Greater New Orleans area after Hurricane Katrina
Disaster tourism took hold in the Greater New Orleans area in the aftermath of Hurricane Katrina. There are now guided bus tours to neighborhoods that were severely damaged and/or totally destroyed by the flooding.
Some local residents have criticized these tours as unethical, because the tour companies are profiting from the misery of their communities and families. The Army Corps of Engineers has noted that traffic from tour buses and other tourist vehicles have interfered with the movement of trucks and other cleanup equipment on single-lane residential roads. Furthermore, during the first six months after the storm, most of these neighborhoods lacked electricity, phone access, street signs, or access to emergency medical or police assistance. Simply traveling to these neighborhoods was hazardous. Some residents of the Lower Ninth Ward and St. Bernard parishes were less than welcoming to tour buses in their neighborhoods and sometimes outright hostile.
Communities such as Gentilly and Lakeview, along the 17th Street Canal, have welcomed organized tour groups as a means to publicize the scale of the destruction and attract more aid to the city. Much of the recovery effort in the New Orleans relies on out-of-state volunteers and donations. Numerous non-profit organizations, including Habitat for Humanity International and Catholic Charities, have converged on the city to gut and rebuild homes. There is also a movement by local residents to bring congressmen and other national leaders to the city and view the damage in person, since recovery efforts have been hampered by the failure of many homeowners and businesses to receive claims from their insurance providers.
The Anthropological roots of Disaster Tourism
The term Disaster Tourism is used for leisure travels to zones whipped by natural disasters or traumatic events known as "traumascapes". Some scholars argue that these sites offers a message to visitors and tourists in order for them to interpret their own life. Disaster tourism offers a pedagogical instrument to community to accelerate the time in post recovery process. Rodanthi Tzanelli, lecturer at University of Leeds called the attention to the needs to articulate trans-disciplinary research to understand Thana Tourism or Disaster Tourism. Recently, philosopher Maximiliano Korstanje coined the term Thana-Capitalism to refer to a climate of social Darwinism aimed at fostering the Survival of the Strongest. In this climate of struggle, only few win and the rest loses. It explains our obsessions for consumers' news or images related to terrorism attacks, trauma-scapes, disasters and so forth. Korstanje writes that the society of risk has set the pace to a new society Thana Capitalism, where the main commodity is death. Not only we consume death everywhere in cultural entertainment industry, but we reinforce our superiority by witnessing the others' suffering. This allegory is based on the myths of Noah's ark which is considered by Korstanje as the first genocide. In this mythical event God divided the world in two, victims and witnesses. This logic of supremacy of those who live over deads is reinforced by Christ's crucifixion. Nowadays, a new segment of tourists travel to zones of mass death known as areas of Dark or Thana Tourism. Since in secularized societies death is a sign of weakness, consuming the other´s death alludes to hopes for visitors to be in trace towards “the hall of chosen peoples”.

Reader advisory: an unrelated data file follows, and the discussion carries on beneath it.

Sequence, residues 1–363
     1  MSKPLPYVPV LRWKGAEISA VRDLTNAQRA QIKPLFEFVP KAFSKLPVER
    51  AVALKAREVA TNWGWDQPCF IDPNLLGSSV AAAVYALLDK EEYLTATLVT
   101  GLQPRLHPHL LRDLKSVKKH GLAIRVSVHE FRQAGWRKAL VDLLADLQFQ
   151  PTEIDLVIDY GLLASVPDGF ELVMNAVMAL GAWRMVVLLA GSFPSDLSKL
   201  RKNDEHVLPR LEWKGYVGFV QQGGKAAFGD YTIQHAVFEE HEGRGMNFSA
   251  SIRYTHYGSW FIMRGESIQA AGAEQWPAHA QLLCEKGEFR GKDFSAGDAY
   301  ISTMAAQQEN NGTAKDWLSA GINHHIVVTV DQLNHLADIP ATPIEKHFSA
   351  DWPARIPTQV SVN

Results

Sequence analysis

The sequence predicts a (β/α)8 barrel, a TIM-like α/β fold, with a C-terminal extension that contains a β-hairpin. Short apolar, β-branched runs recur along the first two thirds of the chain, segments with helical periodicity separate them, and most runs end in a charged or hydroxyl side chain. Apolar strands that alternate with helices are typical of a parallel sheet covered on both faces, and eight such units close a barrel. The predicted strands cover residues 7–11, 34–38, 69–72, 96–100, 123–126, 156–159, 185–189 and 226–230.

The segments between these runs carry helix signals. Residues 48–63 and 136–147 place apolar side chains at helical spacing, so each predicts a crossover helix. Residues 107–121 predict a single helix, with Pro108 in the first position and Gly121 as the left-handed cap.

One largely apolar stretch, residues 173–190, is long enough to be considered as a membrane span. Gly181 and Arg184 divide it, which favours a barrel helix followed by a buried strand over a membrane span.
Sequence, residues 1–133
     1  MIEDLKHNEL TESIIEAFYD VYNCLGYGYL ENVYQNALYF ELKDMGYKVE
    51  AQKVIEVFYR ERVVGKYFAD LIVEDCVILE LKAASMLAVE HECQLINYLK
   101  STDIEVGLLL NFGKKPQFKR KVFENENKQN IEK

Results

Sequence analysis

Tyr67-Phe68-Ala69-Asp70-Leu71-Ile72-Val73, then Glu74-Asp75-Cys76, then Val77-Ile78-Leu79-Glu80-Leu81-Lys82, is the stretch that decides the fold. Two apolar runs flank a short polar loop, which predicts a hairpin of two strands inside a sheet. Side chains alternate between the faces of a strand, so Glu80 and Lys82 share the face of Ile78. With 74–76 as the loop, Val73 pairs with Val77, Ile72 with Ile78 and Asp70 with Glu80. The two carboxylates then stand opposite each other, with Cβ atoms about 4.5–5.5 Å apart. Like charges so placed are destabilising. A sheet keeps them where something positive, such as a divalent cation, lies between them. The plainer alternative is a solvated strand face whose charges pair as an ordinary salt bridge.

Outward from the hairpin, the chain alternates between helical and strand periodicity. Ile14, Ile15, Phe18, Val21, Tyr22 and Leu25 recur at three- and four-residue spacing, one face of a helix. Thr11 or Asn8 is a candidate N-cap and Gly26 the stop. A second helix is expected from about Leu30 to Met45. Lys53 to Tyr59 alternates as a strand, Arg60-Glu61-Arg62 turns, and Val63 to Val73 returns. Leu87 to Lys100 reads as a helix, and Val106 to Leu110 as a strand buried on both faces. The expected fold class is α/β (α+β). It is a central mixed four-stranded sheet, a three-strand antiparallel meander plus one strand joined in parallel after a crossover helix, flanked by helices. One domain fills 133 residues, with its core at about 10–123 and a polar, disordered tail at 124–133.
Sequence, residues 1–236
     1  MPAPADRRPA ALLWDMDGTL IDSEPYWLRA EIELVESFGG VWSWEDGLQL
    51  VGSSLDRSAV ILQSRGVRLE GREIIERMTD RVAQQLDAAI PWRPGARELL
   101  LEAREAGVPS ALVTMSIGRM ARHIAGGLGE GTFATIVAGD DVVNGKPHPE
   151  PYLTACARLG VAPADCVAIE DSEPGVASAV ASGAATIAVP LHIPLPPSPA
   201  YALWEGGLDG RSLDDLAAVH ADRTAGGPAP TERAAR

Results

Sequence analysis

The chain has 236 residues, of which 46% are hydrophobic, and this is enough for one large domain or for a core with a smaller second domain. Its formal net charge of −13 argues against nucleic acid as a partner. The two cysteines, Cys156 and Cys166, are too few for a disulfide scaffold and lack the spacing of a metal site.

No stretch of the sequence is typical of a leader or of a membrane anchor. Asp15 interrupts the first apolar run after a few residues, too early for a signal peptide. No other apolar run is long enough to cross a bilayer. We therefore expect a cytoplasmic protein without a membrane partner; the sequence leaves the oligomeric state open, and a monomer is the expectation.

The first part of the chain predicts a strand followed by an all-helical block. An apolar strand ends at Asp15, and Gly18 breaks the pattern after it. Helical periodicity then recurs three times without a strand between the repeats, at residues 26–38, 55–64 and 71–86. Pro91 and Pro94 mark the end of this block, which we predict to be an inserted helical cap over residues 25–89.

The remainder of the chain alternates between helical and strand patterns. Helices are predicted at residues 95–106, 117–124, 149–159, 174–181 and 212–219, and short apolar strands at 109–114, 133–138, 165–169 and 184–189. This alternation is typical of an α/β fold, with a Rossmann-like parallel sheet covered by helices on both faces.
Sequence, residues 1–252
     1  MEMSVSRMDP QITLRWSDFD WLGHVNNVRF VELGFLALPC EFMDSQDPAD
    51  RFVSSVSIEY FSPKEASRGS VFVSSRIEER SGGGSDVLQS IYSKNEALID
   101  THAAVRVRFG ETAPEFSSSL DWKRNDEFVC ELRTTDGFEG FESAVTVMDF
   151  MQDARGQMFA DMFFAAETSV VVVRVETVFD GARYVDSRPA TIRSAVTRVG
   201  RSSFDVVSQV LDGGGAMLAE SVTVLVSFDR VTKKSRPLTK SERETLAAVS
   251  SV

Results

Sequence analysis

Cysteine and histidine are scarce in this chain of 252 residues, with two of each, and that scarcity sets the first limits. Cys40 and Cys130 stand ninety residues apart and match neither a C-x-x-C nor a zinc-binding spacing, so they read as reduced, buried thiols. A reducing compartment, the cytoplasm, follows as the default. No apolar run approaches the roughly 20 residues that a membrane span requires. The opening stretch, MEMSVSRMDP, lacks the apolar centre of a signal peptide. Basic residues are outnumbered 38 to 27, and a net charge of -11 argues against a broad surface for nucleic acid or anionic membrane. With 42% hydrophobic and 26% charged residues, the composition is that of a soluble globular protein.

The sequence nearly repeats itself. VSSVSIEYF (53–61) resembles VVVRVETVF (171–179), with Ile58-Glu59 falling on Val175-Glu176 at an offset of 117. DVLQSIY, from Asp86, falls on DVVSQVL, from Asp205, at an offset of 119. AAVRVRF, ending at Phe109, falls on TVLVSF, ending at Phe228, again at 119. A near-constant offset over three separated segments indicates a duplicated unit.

2010 eruption of Eyjafjallajökull
Eyjafjallajökull, in Iceland, began erupting on 20 March 2010. At this time, about 500 farmers and their families from the areas of Fljótshlíð, Eyjafjöll, and Landeyjar were evacuated overnight, but allowed to return to their farms and homes after Civil Protection Department risk assessment. On 14 April 2010, Eyjafjallajökull erupted for the second time, requiring 800 people to be evacuated.
In the wake of the first eruption, tour companies offered trips to see the volcano. However, the ash cloud from the second eruption disrupted air traffic over Great Britain and most of northern and western Europe, making it difficult to travel to Iceland even though Iceland's airspace itself remained open throughout.
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